By Jonathan Gault
April 24, 2019
LONDON — Editor’s note: Today there was only one former NCAA athlete at the men’s pre-race press conference for Sunday’s 2019 Virgin Money London Marathon and Jonathan Gault caught up with him.
US fans of a certain age may remember Hawkins for the two years he spent at Butler University (2010-12), where he finished 26th at NCAA XC as a sophomore in 2011. However, Hawkins, now 26, wound up returning to his native Scotland at the end of that academic year to resume training under his father Robert, in part because he had to undergo knee surgery and in part because he had dug himself into an “academic hole.”
“College lifestyle messed up my academics a bit,” Hawkins said. “I just enjoyed myself a bit too much my freshman year and didn’t do the uni part of it.”
Most fans now know Hawkins as Britain’s top distance runner outside of Mo Farah — he finished 9th in the 2016 Olympic marathon, 4th at Worlds the following year, and owns pbs of 2:10:17 and 60:00 in the half. Hawkins will be trying to revise the former number on Sunday, and Hawkins expects to chop off a significant amount of time.
“[The] plan is to go out at 63:30, so 2:07 pace, and either speed up or keep going,” said Hawkins.
Obviously in London, 2:07 isn’t going to be nearly enough to win, but for a Brit, it’s very fast: only nine Europeans (and just one Brit) have ever broken 2:07. Five of those men were born in Africa (Hawkins was born in Elderslie, 11 miles west of Glasgow). The fastest any Brit besides the Somalian-born Farah is 2:07:13, which Steve Jones ran in Chicago 1985 and was the British record all the way up until last year when Farah ran 2:06:21 in London (and then 2:05:11 in Chicago).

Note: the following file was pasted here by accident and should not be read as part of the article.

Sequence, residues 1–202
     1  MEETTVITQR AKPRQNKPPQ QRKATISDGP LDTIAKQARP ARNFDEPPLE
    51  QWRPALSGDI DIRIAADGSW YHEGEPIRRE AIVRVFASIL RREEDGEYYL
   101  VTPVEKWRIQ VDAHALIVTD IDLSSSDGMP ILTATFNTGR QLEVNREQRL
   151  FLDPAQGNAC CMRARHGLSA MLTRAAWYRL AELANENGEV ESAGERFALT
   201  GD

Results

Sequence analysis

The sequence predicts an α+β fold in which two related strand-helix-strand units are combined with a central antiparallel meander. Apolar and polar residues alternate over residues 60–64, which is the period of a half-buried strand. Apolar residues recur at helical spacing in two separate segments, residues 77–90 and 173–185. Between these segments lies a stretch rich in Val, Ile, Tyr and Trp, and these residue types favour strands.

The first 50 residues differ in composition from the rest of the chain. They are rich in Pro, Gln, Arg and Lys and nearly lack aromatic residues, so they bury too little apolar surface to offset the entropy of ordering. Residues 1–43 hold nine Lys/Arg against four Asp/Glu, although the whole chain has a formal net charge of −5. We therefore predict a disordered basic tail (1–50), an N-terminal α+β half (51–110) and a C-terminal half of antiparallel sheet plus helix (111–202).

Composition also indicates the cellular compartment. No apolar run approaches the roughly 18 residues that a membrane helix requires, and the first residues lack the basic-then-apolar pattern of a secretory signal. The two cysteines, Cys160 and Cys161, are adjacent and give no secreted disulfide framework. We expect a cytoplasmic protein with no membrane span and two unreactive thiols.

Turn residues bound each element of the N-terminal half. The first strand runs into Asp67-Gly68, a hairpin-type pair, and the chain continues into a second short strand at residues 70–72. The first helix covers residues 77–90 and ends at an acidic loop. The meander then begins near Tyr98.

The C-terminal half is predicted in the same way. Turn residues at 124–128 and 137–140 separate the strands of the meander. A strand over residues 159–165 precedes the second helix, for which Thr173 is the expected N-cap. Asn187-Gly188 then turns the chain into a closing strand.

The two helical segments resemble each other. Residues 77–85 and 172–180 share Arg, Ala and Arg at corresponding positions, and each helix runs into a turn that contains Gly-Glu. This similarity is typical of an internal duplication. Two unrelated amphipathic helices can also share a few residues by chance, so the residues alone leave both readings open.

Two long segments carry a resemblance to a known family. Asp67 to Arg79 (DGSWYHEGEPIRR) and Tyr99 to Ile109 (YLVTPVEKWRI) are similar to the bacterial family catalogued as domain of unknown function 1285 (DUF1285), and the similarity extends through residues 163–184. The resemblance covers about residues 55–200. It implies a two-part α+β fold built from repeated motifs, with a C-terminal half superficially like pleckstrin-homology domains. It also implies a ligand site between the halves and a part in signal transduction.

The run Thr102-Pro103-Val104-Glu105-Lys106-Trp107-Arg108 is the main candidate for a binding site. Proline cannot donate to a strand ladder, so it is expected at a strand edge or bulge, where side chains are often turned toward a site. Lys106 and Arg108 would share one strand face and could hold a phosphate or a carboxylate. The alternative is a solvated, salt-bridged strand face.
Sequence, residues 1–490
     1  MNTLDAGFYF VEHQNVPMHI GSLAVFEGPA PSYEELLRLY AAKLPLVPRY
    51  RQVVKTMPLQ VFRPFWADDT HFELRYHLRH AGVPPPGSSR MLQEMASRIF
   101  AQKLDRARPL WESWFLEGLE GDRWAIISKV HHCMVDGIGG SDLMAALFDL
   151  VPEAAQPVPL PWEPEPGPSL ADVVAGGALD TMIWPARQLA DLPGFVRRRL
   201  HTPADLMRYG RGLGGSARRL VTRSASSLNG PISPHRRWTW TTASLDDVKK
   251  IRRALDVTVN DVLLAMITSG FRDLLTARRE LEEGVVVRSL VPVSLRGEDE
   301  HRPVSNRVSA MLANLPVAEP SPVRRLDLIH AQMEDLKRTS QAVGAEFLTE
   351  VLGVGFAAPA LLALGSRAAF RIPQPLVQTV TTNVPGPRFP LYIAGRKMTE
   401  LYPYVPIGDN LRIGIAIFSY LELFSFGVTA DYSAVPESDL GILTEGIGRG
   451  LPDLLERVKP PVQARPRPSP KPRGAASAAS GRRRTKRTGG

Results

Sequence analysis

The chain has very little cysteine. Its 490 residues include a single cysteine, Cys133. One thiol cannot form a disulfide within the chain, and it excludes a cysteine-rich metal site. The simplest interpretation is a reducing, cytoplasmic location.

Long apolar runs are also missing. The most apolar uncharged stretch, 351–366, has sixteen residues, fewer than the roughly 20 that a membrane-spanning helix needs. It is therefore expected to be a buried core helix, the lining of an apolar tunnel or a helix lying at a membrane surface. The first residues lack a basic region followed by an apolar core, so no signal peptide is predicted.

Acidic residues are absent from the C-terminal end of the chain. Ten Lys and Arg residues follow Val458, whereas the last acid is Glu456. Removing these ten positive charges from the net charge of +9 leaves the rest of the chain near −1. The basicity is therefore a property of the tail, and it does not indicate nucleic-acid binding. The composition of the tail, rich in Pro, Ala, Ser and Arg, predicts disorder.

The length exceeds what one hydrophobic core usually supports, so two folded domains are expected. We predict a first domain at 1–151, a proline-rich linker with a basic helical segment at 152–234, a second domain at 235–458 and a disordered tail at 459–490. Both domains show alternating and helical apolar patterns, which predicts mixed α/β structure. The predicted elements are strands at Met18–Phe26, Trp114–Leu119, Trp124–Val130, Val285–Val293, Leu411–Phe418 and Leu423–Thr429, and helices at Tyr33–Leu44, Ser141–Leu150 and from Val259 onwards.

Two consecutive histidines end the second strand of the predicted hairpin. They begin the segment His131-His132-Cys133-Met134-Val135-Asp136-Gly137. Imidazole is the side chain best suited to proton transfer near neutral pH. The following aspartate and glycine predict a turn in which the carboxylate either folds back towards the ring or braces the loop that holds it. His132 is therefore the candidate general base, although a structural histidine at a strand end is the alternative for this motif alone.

Looking at Hawkins’ recent results, 2:07 or faster might seem like a stretch. He hasn’t finished a marathon since the World Championships in August 2017, as he collapsed with under two miles to go while leading the Commonwealth Games in April 2018 before withdrawing from Fukuoka in December with a hamstring issue. This year, he’s run two races, neither of them particularly impressive: 28:55 for 19th in a road 10k in Valencia in January and 62:52 at the Lisbon Half Marathon on March 17.
But Hawkins, who spent a month in Flagstaff during his buildup and the last three weeks in Mallorca, has been logging some killer times in his recent training sessions. Three in particular stand out: a 16-miler at marathon pace, during which he split 63:07 for 13.1 miles, a 4 x 5k (1k float recovery) interval session, the slowest of which was run in 14:45, and a 14-mile workout (6 miles marathon pace, 1 mile tempo, 6 miles marathon pace, 1 mile tempo) during which he split 62:17 for 13.1 and closed in 4:28.
So why the subpar showing in Lisbon? Hawkins said that he came into that race off several weeks of heavy mileage (125-130 per week) and still felt “loaded.” That, and a headwind during the second half made for a tough day.
Hawkins’ ultimate goal is the 2020 Olympics (though he’ll also be looking for selection for the 2019 Worlds; the top two Brits here earn spots on the team), so I asked him if he was concerned by the conditions in Tokyo. Even at 6 a.m. (the start of the race), the average weather on August 9 in Tokyo over the last 10 years has been brutal: 78 degrees Fahrenheit, a dewpoint of 73, and 85% humidity.
Hawkins thinks that if the conditions are like that or how they were in Gold Coast last year for the Commonwealth Games, the Olympic marathon will just be “survival.”
“I think the biggest thing is going to be the sun,” Hawkins said. “I found that in the Gold Coast, the sun was probably the biggest factor. Because it said it was 28 degrees (82 F), but I reckon it must have felt like 35-40 (95-104).”
Hawkins, like us at LetsRun.com, thinks that running the Olympic marathon at night is a good solution.
“Can you imagine a midnight marathon in Tokyo?” Hawkins said. “I’ve been to Tokyo at night, it’s one of the most beautiful cities you can be in, just with all the lights and everything. I think it would make a great spectacle.”
But even if it stays in the morning, Hawkins said that he would not consider opting out of the race — even with after episode in Gold Coast.
“No,” Hawkins said simply. “It’s the Olympics.”
Full pre-London interview with Callum Hawkins
More from the press conference: LRC Mo Farah Says Training Has Been “Perfect,” Expect an 61:20-5 Opening Half, & More From London Marathon Media Day Get the inside scoop from today’s press event in Boston.
*LRC Haile Gebrselassie Fires Back At Mo Farah, Accuses Him of “Disgraceful Conduct,” Says Sir Mo Was Reported For Attacking A “Married Athlete” In Hotel Gym